Arta and her husband Horton Boal moved to Sheridan County in 1894 after an unsuccessful stint running Cody's North Platte ranch. Arta reigned as hostess at the Sheridan Inn and Horton established the 3X Bar ranch in the community of Slack, with range in northern Sheridan County and the Crow Reservation in Montana. In 1896, their son William Cody Boal was born.
In 1900, Arta and Horton purchased land in the rapidly growing Tongue River Valley in the cattle country near Birney in what was then Custer County, Montana. The area had been initially settled by William and Mary Linville. In the summer of 1900, the 3X Bar relocated to the East Fork of Hanging Woman Creek. Buffalo Bill gifted the couple a fancy cabin that was erected on a spring at the head of the creek.
Arta's social success in Sheridan was replicated in Birney. They became friends with local ranch owners like John B. Kendrick (of the OW Ranch) and George Brewster (of the Quarter Circle U). Birney resident Letha Ebaugh Salveson reported in her memoirs that Arta threw a grand housewarming party, including ice cream. The cabin, she recalls, was decorated with statues of Buffalo Bill and a life size portrait of the man himself. She found herself sitting on the porch
On a large arm chair upholstered in red velvet and I saw a brass plate on the back. I looked closer and saw what was engraved there: "The King of England Sat Here." I noticed there were other chairs like mine and read the different names on them. One was the chair the Shah of Persia sat in; another was the chair the Czar of Russia sat in; another was where Franz Josef of Austria-Hungary sat. Of course, these chairs were from the Buffalo Bill Wild West Show, which played before all the crowned heads of Europe.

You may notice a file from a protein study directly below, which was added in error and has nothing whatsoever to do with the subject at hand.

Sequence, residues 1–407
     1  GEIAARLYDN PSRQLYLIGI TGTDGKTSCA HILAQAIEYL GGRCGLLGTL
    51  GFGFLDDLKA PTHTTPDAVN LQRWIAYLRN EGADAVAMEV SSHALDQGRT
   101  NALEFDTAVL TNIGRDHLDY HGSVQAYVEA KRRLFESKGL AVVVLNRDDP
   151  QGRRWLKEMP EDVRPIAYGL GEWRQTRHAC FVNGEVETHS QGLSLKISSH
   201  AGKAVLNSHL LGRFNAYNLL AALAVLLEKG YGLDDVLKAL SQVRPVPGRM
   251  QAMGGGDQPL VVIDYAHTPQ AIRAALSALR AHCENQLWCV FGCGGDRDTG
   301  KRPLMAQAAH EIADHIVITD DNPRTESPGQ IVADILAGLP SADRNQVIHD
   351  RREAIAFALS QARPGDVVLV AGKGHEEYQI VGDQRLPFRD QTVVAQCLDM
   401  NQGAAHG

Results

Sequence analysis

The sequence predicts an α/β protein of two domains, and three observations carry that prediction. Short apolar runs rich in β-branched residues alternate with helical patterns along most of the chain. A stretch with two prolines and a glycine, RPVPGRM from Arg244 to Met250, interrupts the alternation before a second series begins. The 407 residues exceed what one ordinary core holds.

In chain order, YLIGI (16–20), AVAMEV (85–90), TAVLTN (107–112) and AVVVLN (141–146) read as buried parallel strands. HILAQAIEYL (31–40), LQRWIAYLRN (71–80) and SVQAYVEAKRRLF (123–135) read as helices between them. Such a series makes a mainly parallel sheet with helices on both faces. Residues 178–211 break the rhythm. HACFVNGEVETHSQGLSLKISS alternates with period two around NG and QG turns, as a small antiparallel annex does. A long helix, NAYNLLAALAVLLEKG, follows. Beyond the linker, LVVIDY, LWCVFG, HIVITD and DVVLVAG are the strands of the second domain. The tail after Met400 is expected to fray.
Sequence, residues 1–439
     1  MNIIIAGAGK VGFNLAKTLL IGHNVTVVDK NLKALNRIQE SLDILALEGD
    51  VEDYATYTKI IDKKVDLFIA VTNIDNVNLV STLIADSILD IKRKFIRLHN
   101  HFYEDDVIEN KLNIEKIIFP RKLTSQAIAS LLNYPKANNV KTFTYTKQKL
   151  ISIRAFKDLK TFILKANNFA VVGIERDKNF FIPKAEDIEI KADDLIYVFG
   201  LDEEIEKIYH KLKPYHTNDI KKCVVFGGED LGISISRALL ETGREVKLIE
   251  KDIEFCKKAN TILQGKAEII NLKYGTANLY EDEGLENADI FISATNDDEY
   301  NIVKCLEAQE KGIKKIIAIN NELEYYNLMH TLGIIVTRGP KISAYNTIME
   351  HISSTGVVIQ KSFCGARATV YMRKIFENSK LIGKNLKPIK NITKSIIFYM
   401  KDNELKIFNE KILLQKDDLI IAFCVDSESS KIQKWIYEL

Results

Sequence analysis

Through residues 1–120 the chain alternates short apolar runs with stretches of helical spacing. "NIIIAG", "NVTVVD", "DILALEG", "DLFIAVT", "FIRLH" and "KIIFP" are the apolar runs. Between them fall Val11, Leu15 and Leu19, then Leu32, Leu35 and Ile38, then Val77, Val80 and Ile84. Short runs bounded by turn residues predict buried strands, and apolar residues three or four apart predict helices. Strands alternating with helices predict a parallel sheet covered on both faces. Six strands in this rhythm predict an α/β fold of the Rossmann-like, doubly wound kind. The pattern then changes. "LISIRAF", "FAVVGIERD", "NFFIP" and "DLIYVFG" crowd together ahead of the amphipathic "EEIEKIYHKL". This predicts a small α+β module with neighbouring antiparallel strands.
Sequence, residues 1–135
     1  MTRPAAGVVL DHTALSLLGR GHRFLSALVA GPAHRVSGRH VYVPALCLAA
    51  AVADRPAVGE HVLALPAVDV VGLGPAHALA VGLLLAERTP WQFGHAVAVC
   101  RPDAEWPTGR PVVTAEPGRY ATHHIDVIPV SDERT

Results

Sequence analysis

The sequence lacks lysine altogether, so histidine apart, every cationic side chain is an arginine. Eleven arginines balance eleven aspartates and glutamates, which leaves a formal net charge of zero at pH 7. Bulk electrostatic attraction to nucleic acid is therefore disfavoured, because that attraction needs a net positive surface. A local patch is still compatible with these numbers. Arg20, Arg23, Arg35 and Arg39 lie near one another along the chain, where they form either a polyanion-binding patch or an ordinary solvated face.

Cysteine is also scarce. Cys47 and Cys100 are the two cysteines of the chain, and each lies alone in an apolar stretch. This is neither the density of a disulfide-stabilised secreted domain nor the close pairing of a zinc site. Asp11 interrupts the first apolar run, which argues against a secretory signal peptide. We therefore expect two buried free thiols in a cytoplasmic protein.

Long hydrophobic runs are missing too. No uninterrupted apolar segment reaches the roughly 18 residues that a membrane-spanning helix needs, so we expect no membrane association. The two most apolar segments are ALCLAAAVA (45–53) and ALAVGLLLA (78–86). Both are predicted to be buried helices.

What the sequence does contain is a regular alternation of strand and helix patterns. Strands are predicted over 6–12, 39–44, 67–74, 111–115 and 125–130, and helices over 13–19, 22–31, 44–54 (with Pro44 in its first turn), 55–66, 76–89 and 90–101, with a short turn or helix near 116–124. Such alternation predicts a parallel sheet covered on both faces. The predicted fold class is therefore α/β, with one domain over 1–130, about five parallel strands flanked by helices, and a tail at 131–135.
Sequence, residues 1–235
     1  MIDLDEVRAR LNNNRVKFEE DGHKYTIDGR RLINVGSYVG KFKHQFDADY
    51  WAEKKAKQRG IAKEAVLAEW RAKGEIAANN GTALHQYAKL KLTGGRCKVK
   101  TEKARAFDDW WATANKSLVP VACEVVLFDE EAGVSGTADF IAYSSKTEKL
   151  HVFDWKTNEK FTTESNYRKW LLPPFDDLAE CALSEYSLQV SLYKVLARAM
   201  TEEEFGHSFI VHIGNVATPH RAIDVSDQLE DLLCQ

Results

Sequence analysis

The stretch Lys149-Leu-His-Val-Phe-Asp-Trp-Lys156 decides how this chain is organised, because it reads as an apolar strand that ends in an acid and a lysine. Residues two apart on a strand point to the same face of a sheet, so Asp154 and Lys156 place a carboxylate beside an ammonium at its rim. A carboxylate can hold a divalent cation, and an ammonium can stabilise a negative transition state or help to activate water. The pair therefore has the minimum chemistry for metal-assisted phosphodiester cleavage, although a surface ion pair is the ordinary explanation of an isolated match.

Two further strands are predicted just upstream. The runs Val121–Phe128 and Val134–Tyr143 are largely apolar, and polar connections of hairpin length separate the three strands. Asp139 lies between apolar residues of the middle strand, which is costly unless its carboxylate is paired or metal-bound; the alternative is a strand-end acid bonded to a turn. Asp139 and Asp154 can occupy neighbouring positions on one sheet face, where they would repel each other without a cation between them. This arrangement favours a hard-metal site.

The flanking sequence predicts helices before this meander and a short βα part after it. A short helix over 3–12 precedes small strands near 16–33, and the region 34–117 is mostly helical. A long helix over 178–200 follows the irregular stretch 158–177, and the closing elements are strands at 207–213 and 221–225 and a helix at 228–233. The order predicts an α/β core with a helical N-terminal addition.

Horton's lack of success running the Scout's Rest Ranch followed him to the East Fork of Hanging Woman. His employee, John Hudson "Shorty" Caddel, recalled of Boal, "he was a good man. A regular stranger to livestock, but he was a good man."
Despite appearances, Arta and Horton seemed to be having issues. Letha Salveson recalled Arta "stayed all summer at her ranch and spent the winter in Sheridan, then came out again next summer. Merton Edwards, in the book "Faded Hoofprint, Bygone Dreams" recalled that Buffalo Bill
...had a relative, some said a son-in-law, that was a cattleman over near the Otter Creek, that I knew fairly well. Lived there alone and run a bunch of cattle. Alone, I say he always seemed alone any chance I ever chanced that way. A quiet, morose sort of fellow..
On December 28, 1900, Horton Boal, along with his hired hand Shorty Caddel, were two of the eleven cattlemen who slaughtered 2,000 head of sheep at the head of Otter Creek. The raid, led by future Governor and US Senator John B. Kendrick, targeted a partnership of John Daut and R.R. Selway and is detailed in a book written by my father, Forest Dunning, called Slaughter on the Otter. During the days of the sheep raid, Arta was in Sheridan, putting on a play called "That Box of Cigarettes" at the Cady Theatre.